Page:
Startup hypersonic aircraft developer Hermeus is seeing its plans continue to take root, securing a $100 million Series B funding round that will be used to complete Quarterhorse, a remotely piloted small-size vehicle. The funding follows partnerships with the U.S. Air Force and NASA on research surrounding the development of hypersonic aircraft.
Led by entrepreneur Sam Altman, the funding brought in new investors Founder's Fund and In-Q-Tel (a strategic investor to U.S. Intelligence agencies and its allies), along with support from existing investors Khosla Ventures, Canaan Partners, Bling Capital, and Revolution’s Rise of the Rest, in the latest round.
Powered by Hermeus’s turbine-based combined cycle engines, based on the GE J85, Quarterhorse is anticipated to fly in 2023, testing speeds of between Mach 3 and Mach 5.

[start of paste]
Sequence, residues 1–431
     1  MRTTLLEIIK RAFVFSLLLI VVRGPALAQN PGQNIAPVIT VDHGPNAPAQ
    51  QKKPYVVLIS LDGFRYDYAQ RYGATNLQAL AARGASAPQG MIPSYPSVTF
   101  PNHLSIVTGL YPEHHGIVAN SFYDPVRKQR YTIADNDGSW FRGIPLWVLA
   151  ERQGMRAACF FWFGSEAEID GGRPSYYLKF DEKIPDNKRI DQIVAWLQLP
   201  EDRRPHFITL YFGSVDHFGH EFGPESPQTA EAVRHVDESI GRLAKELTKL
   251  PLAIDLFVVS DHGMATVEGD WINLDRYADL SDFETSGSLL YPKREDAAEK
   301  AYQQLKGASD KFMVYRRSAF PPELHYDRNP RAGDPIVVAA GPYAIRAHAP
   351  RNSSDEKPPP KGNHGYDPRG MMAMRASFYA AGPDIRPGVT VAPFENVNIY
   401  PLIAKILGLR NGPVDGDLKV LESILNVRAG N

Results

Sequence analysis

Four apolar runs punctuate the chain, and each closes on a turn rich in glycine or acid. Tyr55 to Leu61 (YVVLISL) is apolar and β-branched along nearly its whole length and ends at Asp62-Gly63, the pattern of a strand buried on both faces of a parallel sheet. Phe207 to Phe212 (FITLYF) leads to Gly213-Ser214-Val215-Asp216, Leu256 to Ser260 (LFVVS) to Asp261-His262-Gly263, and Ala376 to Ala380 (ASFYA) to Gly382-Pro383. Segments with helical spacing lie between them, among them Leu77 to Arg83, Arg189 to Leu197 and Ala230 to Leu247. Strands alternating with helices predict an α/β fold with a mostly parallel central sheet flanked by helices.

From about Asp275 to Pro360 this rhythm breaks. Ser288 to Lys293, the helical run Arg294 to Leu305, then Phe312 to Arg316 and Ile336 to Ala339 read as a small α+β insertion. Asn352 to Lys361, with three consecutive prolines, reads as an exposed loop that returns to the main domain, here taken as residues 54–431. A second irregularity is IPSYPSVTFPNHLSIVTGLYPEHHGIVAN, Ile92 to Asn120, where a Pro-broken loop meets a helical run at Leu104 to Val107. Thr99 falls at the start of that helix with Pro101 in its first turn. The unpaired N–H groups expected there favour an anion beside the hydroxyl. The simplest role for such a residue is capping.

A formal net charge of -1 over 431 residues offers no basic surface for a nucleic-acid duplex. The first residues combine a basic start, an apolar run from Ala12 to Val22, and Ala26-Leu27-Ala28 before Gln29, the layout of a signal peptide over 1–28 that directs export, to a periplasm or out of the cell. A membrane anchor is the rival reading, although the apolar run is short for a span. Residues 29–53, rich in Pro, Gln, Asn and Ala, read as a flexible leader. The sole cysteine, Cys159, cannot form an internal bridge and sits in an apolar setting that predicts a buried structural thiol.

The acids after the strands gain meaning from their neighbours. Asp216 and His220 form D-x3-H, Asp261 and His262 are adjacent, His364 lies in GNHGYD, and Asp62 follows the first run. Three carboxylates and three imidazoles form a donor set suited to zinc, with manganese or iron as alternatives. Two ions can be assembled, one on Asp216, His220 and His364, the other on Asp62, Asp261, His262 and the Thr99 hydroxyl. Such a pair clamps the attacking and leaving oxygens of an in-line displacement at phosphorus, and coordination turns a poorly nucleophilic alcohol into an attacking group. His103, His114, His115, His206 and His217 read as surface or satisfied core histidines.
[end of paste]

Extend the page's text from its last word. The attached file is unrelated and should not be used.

In addition to completing Quarterhorse, Hermeus said the funding will provide resources for flight operations and enable the company to step up work on its next aircraft, Darkhorse. The company plans to take lessons learned from the uncrewed hypersonic Darkhorse to move forward on a commercial aircraft, Halycon.
“Hermeus is pursuing an ambitious vision that seems impossible at first glance, but they pair it with an engineering culture and business roadmap that can actually bring it into reality,” said Altman. “Their experienced and passionate team will drive growth across the globe both economically and socially.”
Over the past year, Hermeus has begun to expand its operations by building out a 110,000-sq-ft factory in Atlanta, establishing a test facility, completing more than 100 engine tests, constructing a prototype of Quarterhorse, and doubling the size of its team.
“Our mission to massively accelerate global transportation requires tackling some of engineering’s hardest challenges,” said CEO AJ Piplica. “This funding starts a new phase for the company—one where the stakes are higher than they've ever been, but also where we have the resources to accomplish what some think is impossible."